She was desperate to get married and talked about men all the time. So I would too just to have a reason to talk to her. I was lying and I knew it, lying to her and lying to myself. I had all these thoughts and feelings, with an intensity I’d never felt before, but I couldn’t admit to anyone, especially myself, that I was gay. I was neck-deep in denial.
I was still fighting all these feelings of attraction and denial when I got a job at a Christian organization. On the first day I was asked to sign a code of conduct that contained a clause against homosexuality. At that moment I knew. I felt my face get red-hot and my heart race. I knew I couldn’t hide from myself anymore. I was gay. And then I went ahead and signed anyway. Signing that paper made me come to terms with my sexuality. I knew I wouldn’t violate the code. You could be gay, you just couldn’t do gay. I wasn’t in a relationship, but I knew if the woman I adored ever reciprocated, I would quit my job and never look back. That was my conviction, but deep down I knew she’d never reciprocate, so I continued to hide.
I hid until she finally called me out on it. I couldn’t lie to her face, so I admitted my feelings. It wasn’t a glorious profession of love but rather a shamed admission with eyes focused on the table between us. My soul shivered in the exposure of that moment. I was laid bare, undone, vulnerable in the presence of another. Fully defenseless and aware of what was coming. Her rejection severed me. She was furious. She felt betrayed. She questioned everything about our friendship. And she walked away. I don’t know if I blame her for doing that. Still, it felt like the worst breakup ever. I finally admitted I was gay. I was vehemently rejected and abandoned. I was left completely disoriented and flat on my face.
Within a month I was going to a Christian counselor and a secular psychologist. Two therapists. This went on every week for months. I told my Christian counselor immediately about my same-sex attractions, but I kept that secret from my psychologist for eight months. I kept it from him because I knew he’d encourage me to explore my attractions and that terrified me.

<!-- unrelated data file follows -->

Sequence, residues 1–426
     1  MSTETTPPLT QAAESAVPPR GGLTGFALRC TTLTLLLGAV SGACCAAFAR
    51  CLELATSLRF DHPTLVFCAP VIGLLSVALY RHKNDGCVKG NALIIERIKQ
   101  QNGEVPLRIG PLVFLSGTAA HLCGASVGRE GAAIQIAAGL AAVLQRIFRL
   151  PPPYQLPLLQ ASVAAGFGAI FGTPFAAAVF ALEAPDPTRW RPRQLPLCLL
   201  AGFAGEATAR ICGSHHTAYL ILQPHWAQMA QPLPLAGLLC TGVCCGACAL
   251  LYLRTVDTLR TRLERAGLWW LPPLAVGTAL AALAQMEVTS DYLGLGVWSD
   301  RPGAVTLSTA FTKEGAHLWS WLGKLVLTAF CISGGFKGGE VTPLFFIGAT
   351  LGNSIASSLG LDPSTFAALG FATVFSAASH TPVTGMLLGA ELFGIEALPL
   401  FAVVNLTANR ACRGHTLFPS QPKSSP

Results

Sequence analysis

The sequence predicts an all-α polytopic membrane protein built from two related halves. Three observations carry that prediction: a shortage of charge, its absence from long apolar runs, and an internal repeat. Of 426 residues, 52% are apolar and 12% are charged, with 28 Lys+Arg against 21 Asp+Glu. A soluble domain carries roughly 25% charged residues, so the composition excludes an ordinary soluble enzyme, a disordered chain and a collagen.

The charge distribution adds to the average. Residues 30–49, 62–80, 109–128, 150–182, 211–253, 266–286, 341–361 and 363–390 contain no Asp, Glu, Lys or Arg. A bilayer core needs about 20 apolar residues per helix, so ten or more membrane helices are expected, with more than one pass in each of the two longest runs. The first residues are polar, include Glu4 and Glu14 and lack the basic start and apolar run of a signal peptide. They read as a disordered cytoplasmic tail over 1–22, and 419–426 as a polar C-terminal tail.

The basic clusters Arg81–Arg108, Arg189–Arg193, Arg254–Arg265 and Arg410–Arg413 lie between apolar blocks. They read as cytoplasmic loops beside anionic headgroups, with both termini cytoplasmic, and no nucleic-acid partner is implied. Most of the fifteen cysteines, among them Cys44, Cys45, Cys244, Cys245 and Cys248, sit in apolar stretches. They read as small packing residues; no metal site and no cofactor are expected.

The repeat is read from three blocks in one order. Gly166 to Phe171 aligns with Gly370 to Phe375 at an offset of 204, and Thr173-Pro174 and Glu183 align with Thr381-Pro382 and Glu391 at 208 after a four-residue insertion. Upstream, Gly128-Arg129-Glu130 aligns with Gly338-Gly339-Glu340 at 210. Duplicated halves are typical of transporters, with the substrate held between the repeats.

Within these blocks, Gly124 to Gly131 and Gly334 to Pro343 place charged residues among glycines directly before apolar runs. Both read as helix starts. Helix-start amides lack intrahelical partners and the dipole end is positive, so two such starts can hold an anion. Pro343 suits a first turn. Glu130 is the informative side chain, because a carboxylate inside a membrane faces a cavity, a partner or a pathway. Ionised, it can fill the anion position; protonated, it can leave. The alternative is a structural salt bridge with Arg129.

But a crazy thing happened. When I started being honest and vulnerable with God about my attractions for women, I didn’t feel a conviction to fight them. I felt peace and a deep acceptance. It didn’t make any sense because everything I’d ever been told meant God would condemn me. But he didn’t. I never felt any condemnation, only confirmation and peace. And love, overwhelming love. As I embraced my sexuality, I started to feel more centered, more comfortable in my own skin, and I found myself experiencing a new level of intimacy with God. He felt so much nearer, and I had never been more aware of being his beloved.
It still seems so ironic. I’m working in the heart of Christian ministry, and this is exactly where I need to be to embrace the truth about my sexuality. No one at work knows, and I don’t know if I’ll ever come out to them. If I do or if I start dating a woman, I will have to leave my job. That code of conduct still stands, and I’m okay with that. I’m not naive enough to believe I could single-handedly change the position of an entire organization. But I also know I will never have to leave Jesus. I’ve learned Christians enforce rules that God doesn’t. I’ve learned that he delights in who I am, in how I’m wired, because he knit me together this way. He’s made it clear to me that there’s nothing wrong with being gay, that I don’t need to be forgiven for it, and that he doesn’t want me to change. He is pleased with the way I am. I was born left-handed, born female, born gay. My sexuality wasn’t my choice. It was his.